abstracted landscapes. What tools do I use? What references? What photos? Do I paint plein aire? The short answer to these questions is that I paint from my head – from my imagination. I don’t use photos, references, or attempt to paint a particular location. For me, all of that would be laborious and not really fun (and that’s why I have a camera:).
I begin my mornings with mindfulness meditation – sometimes 5 minutes, sometimes close to or over an hour. Taking slow deliberate breaths, I focus only on the breath, while also feeling the edges of my body and my connection to the earth. This ritual settles me and brings my awareness to the present. Eventually I hear and feel only my breath, no longer deliberate or paced, but natural. There is a natural rise and fall of my body around the breath. After getting to this point, I go to my studio and approach the proverbial blank canvas. My primary goal is to come to the canvas “empty” – with no expectations – where anything is possible. Being "open" is the secret to my painting process.
Using an ochre-colored gesso, I prime the surface. I love this – the yellow feels happy and promising to me. Once during a gallery show opening I met a Shaman. She seemed to float into the room. We chatted for a few minutes and she told me that I was glowing. “What do you mean?” I asked. She said my aura was yellow – “bright like the sun filling the room”. (My husband was completely puzzled by my aura being read as yellow. The Shaman explained to him - - “Don’t be surprised. On a bad day she can go to purple sometimes. . .” My husband replied “that makes much more sense.”:) I’ve never forgotten that encounter and wonder if that’s why I’ve always started my paintings with a yellow base.
The next 3-5 layers of paint are swatches of color and texture – blotchy and unknown, this underpainting process is where I begin to see what will happen and where I am going. Within the blotches and strokes of color, I get a feeling: often of expansiveness. The expansiveness often becomes a big sky, or flowing water, pouring over layers of sienna, sage, or blue. Color choices are derived from the underpainting and the next days and weeks are spent applying additional layers. I enjoy using dry brush, hands, and large palette knives. I also work wet-into-wet which simply means that the layer of paint on the canvas is still wet as you apply additional paint. In some instances this leads to dripping if the canvas is vertical at the time (I alternate between painting on a flat worktable and painting with the canvas on an easel or hung on my studio wall). In my early years of painting I would quickly wipe these drips and kind of freak out when they happened (the “oh no” reflex). I now view them as part of the process and meant to be. My belief is that allowing what happens in the studio to happen (and not to control or prevent it) is an authentic expression of self – of me on the canvas.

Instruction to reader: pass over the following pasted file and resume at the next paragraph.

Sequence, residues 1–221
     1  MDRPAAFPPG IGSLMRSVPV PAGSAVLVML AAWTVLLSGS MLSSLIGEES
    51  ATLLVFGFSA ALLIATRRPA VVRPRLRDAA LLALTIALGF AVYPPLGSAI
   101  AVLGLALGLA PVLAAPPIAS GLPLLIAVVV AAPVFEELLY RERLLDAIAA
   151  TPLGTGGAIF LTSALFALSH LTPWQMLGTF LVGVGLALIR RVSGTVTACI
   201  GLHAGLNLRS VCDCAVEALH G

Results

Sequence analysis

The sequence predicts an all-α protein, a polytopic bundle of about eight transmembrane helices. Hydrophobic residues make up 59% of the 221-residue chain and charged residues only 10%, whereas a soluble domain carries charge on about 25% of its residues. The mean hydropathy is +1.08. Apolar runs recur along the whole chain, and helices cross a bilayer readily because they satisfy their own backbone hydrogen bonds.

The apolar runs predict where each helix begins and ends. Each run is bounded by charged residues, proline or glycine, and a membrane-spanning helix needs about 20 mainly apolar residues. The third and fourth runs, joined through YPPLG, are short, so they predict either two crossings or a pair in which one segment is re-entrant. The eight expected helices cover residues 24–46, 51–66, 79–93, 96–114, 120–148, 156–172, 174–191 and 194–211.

Reliance on my gut tells me when a painting is complete. My husband serves as the litmus test: when I am finished with a painting, I ask him to take a look. He pulls the canvas outside into the light where it can be clearly seen - - and often verbalizes what he feels from this first look. The majority of my paintings are named from his reaction.
Over the next several days the painting sits alone. I need to leave it before I am sure. Once I view it again I can tell immediately if I’m done.